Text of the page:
2. A few thoughts on cloud, colocation, etc.:

3. As for the analytic DBMS industry: Read more

September 21, 2014

Data as an asset

We all tend to assume that data is a great and glorious asset. How solid is this assumption?

*”Our assets are our people, capital and reputation. If any of these is ever diminished, the last is the most difficult to restore.” I love that motto, even if Goldman Sachs itself eventually stopped living up to it. If nothing else, my own business depends primarily on my reputation and information.

This all raises the idea – if you think data is so valuable, maybe you should get more of it. Areas in which enterprises have made significant and/or successful investments in data acquisition include:  Read more

September 15, 2014

Misconceptions about privacy and surveillance

Everybody is confused about privacy and surveillance. So I’m renewing my efforts to consciousness-raise within the tech community. For if we don’t figure out and explain the issues clearly enough, there isn’t a snowball’s chance in Hades our lawmakers will get it right without us.

How bad is the confusion? Well, even Edward Snowden is getting it wrong. A Wired interview with Snowden says:

“If somebody’s really watching me, they’ve got a team of guys whose job is just to hack me,” he says. “I don’t think they’ve geolocated me, but they almost certainly monitor who I’m talking to online. Even if they don’t know what you’re saying, because it’s encrypted, they can still get a lot from who you’re talking to and when you’re talking to them.”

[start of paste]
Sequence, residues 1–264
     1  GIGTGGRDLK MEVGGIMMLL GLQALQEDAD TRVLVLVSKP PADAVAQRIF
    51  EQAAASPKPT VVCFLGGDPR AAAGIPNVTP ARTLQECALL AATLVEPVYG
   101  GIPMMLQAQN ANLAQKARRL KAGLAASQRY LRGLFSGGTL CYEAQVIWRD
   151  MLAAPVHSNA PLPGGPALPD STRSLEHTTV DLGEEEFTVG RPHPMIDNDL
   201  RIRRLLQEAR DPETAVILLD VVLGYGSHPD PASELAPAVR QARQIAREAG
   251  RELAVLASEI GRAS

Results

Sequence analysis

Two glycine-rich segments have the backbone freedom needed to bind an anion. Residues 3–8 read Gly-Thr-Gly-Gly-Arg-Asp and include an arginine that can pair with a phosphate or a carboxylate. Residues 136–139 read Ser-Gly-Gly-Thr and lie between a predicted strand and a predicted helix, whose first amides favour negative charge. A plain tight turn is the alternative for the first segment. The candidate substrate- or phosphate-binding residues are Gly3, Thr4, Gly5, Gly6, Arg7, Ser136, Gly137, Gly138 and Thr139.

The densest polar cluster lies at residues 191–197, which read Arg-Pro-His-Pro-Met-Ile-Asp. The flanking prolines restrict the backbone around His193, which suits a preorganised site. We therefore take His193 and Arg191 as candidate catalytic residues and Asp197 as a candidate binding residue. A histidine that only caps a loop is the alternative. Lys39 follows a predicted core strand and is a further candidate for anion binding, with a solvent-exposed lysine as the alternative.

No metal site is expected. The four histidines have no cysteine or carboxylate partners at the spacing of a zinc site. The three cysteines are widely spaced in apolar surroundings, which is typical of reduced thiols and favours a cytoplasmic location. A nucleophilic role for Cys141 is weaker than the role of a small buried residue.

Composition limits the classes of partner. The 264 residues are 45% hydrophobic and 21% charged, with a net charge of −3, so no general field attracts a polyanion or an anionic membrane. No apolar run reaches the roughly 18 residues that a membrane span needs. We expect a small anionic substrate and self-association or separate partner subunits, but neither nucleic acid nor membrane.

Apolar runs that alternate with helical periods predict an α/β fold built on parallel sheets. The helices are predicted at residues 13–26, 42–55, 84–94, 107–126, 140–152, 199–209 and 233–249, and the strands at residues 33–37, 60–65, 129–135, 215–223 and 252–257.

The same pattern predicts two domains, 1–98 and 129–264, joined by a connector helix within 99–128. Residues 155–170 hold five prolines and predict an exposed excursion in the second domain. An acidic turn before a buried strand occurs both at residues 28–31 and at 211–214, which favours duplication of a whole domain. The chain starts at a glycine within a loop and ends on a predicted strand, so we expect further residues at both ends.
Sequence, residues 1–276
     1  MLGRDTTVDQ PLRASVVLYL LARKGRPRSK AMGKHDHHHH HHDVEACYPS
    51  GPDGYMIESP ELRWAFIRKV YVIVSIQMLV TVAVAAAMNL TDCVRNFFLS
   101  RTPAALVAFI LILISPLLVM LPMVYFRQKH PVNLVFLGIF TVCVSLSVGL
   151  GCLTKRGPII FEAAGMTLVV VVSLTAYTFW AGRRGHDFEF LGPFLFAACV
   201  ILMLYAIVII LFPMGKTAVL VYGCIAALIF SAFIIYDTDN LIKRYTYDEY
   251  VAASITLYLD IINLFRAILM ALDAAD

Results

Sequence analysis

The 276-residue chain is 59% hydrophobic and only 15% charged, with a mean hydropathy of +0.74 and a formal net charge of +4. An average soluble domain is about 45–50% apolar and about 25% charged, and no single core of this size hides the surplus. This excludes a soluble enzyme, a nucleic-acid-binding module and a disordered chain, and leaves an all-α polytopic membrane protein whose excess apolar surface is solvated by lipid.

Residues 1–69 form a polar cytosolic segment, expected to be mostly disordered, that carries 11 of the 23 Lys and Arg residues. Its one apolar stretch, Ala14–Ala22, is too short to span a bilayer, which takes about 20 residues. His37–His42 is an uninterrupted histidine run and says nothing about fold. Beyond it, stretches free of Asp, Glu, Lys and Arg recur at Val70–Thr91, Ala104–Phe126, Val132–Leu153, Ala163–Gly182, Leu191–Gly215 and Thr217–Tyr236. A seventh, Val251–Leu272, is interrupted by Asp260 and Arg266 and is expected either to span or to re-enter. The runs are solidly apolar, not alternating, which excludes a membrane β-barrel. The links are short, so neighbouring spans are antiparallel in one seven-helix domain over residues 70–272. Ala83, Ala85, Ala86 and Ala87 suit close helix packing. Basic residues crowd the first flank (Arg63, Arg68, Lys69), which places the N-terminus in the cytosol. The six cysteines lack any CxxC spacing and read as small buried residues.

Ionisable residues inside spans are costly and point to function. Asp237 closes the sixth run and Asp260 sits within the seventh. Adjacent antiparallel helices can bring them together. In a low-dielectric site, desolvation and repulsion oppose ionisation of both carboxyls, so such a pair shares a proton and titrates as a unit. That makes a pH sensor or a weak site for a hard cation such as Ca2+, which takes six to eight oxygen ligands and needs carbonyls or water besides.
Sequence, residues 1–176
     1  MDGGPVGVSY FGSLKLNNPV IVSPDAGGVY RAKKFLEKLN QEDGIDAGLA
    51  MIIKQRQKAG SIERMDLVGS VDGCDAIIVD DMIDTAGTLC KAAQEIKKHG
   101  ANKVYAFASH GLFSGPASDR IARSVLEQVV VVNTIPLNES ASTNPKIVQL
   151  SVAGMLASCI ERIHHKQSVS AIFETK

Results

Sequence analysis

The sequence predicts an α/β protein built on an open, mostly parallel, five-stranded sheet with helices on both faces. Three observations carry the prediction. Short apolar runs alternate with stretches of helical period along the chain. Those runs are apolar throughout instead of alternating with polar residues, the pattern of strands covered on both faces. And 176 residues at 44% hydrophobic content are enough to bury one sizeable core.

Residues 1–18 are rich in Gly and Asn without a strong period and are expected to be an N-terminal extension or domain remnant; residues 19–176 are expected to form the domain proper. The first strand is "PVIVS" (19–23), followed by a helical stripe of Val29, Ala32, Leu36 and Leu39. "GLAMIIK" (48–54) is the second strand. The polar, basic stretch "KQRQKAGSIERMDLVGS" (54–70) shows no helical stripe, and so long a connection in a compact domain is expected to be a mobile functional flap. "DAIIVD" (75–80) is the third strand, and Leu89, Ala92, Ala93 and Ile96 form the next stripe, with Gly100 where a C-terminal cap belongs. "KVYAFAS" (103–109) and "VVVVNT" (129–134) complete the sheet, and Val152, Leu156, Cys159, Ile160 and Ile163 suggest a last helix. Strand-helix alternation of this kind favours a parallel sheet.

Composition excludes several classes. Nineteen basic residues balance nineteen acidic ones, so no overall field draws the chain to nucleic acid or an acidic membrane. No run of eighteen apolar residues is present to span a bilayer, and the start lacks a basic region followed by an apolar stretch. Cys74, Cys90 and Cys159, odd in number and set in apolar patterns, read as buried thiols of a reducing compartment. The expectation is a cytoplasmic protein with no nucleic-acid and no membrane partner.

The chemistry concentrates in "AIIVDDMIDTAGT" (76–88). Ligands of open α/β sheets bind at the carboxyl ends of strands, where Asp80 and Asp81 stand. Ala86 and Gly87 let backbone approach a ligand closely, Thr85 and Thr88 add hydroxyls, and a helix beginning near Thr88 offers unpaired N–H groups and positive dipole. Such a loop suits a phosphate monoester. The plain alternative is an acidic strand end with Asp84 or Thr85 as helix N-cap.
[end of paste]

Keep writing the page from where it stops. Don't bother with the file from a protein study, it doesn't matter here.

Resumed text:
That is surely correct. But the same article also says:

“We have the means and we have the technology to end mass surveillance without any legislative action at all, without any policy changes.” The answer, he says, is robust encryption. “By basically adopting changes like making encryption a universal standard—where all communications are encrypted by default—we can end mass surveillance not just in the United States but around the world.”

That is false, for a myriad of reasons, and indeed is contradicted by the first excerpt I cited.

What privacy/surveillance commentators evidently keep forgetting is:

So closing down a few vectors of privacy attack doesn’t solve the underlying problem at all.

Worst of all, commentators forget that the correct metric for danger is not just harmful information use, but chilling effects on the exercise of ordinary liberties. But in the interest of space, I won’t reiterate that argument in this post.

Perhaps I can refresh your memory why each of those bulleted claims is correct. Major categories of privacy-destroying information (raw or derived) include:

Read more

September 7, 2014

An idealized log management and analysis system — from whom?

I’ve talked with many companies recently that believe they are:

At best, I think such competitive claims are overwrought. Still, it’s a genuinely important subject and opportunity, so let’s consider what a great log management and analysis system might look like.

Much of this discussion could apply to machine-generated data in general. But right now I think more players are doing product management with an explicit conception either of log management or event-series analytics, so for this post I’ll share that focus too.

A short answer might be “Splunk, but with more analytic functionality and more scalable performance, at lower cost, plus numerous coupons for free pizza.” A more constructive and bottoms-up approach might start with:  Read more

Next Page →

Feed: DBMS (database management system), DW (data warehousing), BI (business intelligence), and analytics technology Subscribe to the Monash Research feed via RSS or email:

Login

Search our blogs and white papers

Monash Research blogs

User consulting

Building a short list? Refining your strategic plan? We can help.

Vendor advisory

We tell vendors what's happening -- and, more important, what they should do about it.

Monash Research highlights

Learn about white papers, webcasts, and blog highlights, by RSS or email.